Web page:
There is absolutely no reason at all to grant a pathway to citizenship to those who failed to follow the law entering the United States. Humanitarian and economic considerations may weigh in favor of some form of residency or work permit for this group, but it is an intolerable denigration of the dignity of citizenship to pass it out as lagniappe for just showing up without papers. Those who violate the law have no legitimate claim to the reward of citizenship unless they bring some great benefit to the commonweal, such as military service.
Those who bemoan the prospect of a "second class" group of citizenship-ineligible residents fail to reckon with the reality that it was bad behavior which created the class and made it inferior.
6. Border security is well within our grasp, and is a precondition for the success of any other immigration changes.
Vasko Kohlmayer demonstrated two days ago that even the most absurdly inflated estimates for the cost of building a border fence are well within our means, in this American Thinker article. Loyal reader Tom Caneris suggested that an intriguing comparison can be made with the scale of the federal project to construct tall noise barrier walls along our freeways.
Take a look at these freeway noise barriers and see that there is more than a passing resemblance to various wall designs for the border barrier. Of course a border fence would have to be more robust, and it would not have the advantage of a nice highway to bring workers and material to the worksite. But it is not be that many orders of magnitude bigger a project than the highway noise barrier system.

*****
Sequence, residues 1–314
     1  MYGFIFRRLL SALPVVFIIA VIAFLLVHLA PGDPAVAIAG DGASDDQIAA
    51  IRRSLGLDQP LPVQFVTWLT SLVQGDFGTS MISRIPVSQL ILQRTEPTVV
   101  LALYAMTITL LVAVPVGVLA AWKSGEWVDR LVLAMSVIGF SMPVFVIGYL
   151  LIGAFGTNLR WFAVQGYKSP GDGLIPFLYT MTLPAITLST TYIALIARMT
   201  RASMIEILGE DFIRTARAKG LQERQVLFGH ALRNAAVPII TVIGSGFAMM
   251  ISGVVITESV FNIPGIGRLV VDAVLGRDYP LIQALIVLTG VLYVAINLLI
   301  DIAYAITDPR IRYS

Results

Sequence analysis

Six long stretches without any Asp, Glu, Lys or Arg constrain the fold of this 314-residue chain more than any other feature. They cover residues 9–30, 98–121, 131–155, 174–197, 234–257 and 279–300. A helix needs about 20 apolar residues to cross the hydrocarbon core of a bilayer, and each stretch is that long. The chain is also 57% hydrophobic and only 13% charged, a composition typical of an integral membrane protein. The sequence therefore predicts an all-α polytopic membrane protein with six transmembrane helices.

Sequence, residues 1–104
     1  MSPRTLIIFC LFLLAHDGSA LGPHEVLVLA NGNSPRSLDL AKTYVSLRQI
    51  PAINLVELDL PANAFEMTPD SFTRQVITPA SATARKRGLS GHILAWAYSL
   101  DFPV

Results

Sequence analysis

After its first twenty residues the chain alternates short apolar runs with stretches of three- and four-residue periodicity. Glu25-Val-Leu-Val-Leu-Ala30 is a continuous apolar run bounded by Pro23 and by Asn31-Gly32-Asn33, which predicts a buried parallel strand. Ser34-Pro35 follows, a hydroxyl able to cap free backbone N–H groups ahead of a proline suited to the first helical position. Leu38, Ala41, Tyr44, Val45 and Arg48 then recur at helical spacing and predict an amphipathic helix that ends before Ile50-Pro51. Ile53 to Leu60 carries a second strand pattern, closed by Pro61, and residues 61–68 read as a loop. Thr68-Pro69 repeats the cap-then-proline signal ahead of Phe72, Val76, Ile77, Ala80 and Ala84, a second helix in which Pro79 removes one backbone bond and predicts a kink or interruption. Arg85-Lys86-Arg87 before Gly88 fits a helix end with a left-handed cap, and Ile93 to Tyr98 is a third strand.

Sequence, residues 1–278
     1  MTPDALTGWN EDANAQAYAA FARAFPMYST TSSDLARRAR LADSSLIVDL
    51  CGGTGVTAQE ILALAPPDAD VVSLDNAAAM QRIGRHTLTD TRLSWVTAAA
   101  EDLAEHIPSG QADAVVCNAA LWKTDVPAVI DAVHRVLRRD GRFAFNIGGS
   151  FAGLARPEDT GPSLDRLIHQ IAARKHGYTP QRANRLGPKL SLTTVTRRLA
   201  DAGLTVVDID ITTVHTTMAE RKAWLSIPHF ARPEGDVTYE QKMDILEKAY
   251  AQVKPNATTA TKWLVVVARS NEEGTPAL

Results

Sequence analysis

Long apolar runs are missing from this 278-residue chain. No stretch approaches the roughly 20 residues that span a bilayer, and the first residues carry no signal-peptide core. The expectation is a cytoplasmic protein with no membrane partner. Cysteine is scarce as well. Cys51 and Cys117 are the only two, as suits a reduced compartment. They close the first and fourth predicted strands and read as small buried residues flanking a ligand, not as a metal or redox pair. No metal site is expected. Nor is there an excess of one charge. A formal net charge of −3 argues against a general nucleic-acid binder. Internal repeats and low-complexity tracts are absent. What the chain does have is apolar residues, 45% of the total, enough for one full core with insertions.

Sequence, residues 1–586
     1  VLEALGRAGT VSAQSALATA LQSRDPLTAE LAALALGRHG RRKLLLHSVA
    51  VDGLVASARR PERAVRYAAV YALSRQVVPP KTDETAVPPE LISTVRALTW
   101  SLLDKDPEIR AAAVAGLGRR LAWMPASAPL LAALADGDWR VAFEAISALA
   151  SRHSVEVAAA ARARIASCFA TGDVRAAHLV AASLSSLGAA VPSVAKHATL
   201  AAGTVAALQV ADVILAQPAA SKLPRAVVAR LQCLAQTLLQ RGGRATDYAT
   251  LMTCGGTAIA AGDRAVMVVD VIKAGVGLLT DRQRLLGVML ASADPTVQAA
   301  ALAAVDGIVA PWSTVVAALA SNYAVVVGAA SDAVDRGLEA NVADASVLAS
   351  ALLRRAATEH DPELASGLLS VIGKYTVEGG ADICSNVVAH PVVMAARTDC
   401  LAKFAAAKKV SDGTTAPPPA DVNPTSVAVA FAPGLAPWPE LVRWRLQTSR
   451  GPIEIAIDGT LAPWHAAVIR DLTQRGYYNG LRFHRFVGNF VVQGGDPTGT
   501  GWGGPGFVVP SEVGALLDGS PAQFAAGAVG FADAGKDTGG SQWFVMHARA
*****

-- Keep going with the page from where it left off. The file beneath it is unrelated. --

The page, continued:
Has the building of freeway noise barriers involved any national sacrifice? Have you ever fretted about how much money it has cost? Through the end of 2004, forty-five State DOTs and the Commonwealth of Puerto Rico have constructed over 2,205 linear miles of barriers at a cost of over $2.7 billion ($3.4 billion in 2004 dollars), more than the length of the US-Mexico Border (1,951 miles).
7. Successful reform will come a step at a time, not all at once in a comprehensive package.
The worst argument in favor of a "comprehensive reform" effort is still and always will be that opponents are racists. But the second worst argument is that a piecemeal approach is wrong. Thanks to Senator Kennedy's earlier handiwork, we know how easy it is for the kind-hearted gesture of amnesty to create an even bigger crisis down the road. The public is rightly skeptical of grand promises.
Until our political class is collectively willing to face these basic common sense truths, any attempt at a comprehensive solution is far more likely to make matters worse.
Instead we should start with a priority national project to build a wall. An expression of national will like that alone would send a signal of seriousness that has so far been lacking. Once that barrier is working we can look at the realistic probable outcomes of other changes.
Thomas Lifson is editor and publisher of American Thinker.